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Memory market still likely to drop

A glut and the Asian currency devaluation are conspiring to keep prices near or even below manufacturing costs.

Late last month at an investor's conference, a cheer went up when it was announced that spot prices for 16-megabit memory chips had inched up from rock-bottom lows to $3.80. But now it appears that even this tenuous euphoria may have been short-lived.

A glut in chip supply and the devaluation of Asian currencies, among other factors, are conspiring to keep prices of 16-megabit and 64-megabit memory chip prices near or even below manufacturing costs. And although major manufacturers have announced that they are abandoning ongoing memory efforts (see related story), prices--and the industry as a whole--will not likely stabilize until the second half of the year, according to experts.

Chart of 16-megabit dram prices from 1994-97

The upshot: Prices may have inched up last month, but the underlying economic vectors still make for a very dismal picture.

Today, for instance, Dataquest revised forecasts to state that the memory market would probably only grow 7 percent in revenue this year, as opposed to earlier predictions of 17 percent growth. The culprits: slowing demand and lower manufacturing costs in Korea due to the economic crisis. The devaluation of the Korean won alone could account for $3 billion to $5 billion in lost DRAM (dynamic random access memory) revenue.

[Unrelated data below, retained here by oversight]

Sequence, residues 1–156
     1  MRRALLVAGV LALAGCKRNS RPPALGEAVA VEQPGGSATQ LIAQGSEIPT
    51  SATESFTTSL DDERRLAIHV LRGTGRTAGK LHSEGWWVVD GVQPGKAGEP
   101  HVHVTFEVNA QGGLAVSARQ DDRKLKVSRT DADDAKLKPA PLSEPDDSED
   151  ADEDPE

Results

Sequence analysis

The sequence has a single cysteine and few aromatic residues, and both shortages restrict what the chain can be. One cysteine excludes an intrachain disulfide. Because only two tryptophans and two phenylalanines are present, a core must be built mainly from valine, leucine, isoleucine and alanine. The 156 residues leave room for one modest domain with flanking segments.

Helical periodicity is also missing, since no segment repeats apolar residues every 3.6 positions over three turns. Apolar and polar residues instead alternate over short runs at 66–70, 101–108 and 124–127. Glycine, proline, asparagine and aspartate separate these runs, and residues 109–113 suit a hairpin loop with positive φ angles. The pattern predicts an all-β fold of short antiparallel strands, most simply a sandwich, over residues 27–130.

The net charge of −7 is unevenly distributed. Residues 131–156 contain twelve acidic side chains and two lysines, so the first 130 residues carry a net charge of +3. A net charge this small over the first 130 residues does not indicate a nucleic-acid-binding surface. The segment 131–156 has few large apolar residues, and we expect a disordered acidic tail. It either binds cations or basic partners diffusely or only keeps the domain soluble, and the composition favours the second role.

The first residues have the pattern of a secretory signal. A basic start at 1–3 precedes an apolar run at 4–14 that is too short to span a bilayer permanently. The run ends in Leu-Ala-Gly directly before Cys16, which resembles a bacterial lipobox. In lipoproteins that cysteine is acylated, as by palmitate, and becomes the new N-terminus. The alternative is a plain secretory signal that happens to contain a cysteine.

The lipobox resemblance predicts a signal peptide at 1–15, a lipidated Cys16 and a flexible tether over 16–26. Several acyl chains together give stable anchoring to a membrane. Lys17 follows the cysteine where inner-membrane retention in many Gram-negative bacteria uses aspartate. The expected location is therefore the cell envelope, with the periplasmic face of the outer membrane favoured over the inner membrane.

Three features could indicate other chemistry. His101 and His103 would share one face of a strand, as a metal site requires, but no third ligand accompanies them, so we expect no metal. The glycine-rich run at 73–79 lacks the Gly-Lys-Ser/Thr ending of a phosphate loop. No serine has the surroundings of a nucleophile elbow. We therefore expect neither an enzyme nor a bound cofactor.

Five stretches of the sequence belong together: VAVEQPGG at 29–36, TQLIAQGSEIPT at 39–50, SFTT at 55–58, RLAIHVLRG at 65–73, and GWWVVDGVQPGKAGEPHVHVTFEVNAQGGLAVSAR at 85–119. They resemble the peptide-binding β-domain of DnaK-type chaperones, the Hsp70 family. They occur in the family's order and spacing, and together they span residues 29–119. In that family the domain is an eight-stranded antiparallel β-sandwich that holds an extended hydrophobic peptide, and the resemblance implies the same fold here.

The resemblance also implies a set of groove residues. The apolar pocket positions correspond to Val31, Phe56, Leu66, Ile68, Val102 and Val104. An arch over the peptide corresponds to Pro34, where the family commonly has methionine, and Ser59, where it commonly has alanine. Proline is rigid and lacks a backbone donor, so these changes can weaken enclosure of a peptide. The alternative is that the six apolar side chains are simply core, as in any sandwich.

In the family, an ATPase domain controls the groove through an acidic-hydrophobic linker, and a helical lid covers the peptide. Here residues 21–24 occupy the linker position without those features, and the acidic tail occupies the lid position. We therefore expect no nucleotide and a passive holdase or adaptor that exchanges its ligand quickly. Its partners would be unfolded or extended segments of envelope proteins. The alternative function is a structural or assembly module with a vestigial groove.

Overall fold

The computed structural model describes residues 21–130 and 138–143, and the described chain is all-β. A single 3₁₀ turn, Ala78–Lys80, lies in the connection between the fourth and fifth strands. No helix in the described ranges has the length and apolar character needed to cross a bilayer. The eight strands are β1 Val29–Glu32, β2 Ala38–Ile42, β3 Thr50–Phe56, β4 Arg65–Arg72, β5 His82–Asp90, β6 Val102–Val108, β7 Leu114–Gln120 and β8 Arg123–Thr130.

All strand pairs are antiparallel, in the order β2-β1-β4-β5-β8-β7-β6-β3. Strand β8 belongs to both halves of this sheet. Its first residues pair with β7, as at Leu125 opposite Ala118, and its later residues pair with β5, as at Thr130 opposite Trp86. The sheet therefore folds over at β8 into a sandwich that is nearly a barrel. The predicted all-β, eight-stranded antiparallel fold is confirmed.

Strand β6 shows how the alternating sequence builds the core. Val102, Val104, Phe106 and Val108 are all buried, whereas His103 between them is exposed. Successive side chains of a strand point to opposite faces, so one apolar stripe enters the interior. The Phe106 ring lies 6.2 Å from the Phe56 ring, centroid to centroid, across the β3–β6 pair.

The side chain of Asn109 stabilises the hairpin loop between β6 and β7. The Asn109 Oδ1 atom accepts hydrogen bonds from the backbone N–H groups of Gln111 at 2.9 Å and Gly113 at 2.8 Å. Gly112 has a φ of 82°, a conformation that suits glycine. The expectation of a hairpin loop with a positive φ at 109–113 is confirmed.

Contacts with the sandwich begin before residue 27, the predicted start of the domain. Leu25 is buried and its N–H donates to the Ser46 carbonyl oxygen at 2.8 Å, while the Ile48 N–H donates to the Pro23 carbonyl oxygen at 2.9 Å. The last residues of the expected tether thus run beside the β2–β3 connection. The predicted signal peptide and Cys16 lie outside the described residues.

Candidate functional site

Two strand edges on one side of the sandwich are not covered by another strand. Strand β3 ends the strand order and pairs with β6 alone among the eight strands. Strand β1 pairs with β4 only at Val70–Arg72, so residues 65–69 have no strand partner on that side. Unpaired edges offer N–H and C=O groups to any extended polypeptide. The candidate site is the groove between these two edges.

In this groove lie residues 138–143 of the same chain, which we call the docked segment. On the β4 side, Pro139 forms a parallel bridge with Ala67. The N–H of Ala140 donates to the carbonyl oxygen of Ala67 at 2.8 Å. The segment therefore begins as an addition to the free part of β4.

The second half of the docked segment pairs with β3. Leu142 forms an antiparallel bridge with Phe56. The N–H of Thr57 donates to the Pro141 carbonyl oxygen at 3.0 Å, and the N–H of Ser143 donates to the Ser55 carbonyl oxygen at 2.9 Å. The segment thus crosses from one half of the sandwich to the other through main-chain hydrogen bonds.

"Going into 1998, we see continuing overcapacity, forcing manufacturers to continue their efforts to keep prices low," said Jim Handy, memory analyst at Dataquest.

But, while this bodes ill for manufacturers, it continues to be good news for PC vendors and consumers, who are getting more memory for the dollar than ever before.

"Stock up on all the DRAM that you can. For Compaq, Dell, Apple this is a great time," commented Brian Matas, vice president of market research at IC Insights.

"For the first half of the year prices will stay flat, maybe even slide some more, but I don't see it going up. I've got to think it will get better in the second half."

A recent report from Mario Morales at International Data Corporation sheds light on the precarious nature of the memory market.

16-megabit DRAM prices had flattened to $2 in spot market prices and between $2.80 and $3.50 in the contract market at the end of the year. By January, contract prices came back to $3.80 to $4.25. The surge in prices resulted when manufacturing cutbacks were announced and Korean manufacturers stopped inventory sell-offs.

Despite the surge, IDC backed away from predicting a recovery. The higher prices may serve to only bring in more inventory into the market, which will send prices once again plummeting. The end of the fiscal year for Asian companies is also coming in March, which could prompt a blow-out of inventory.

Recovery in prices will likely begin to gradually occur, said Morales, but several factors will have to align for that to happen. Chip suppliers will have to continue to cut back on production and demand for DRAM has to continue to grow. Third, the computer industry has to be willing to make the transition to 64-megabit chips in the second quarter.

IDC believes that all suppliers are at or near that crisis point today," wrote Morales. "We caution that its too early to tell, especially with so many factors still unresolved."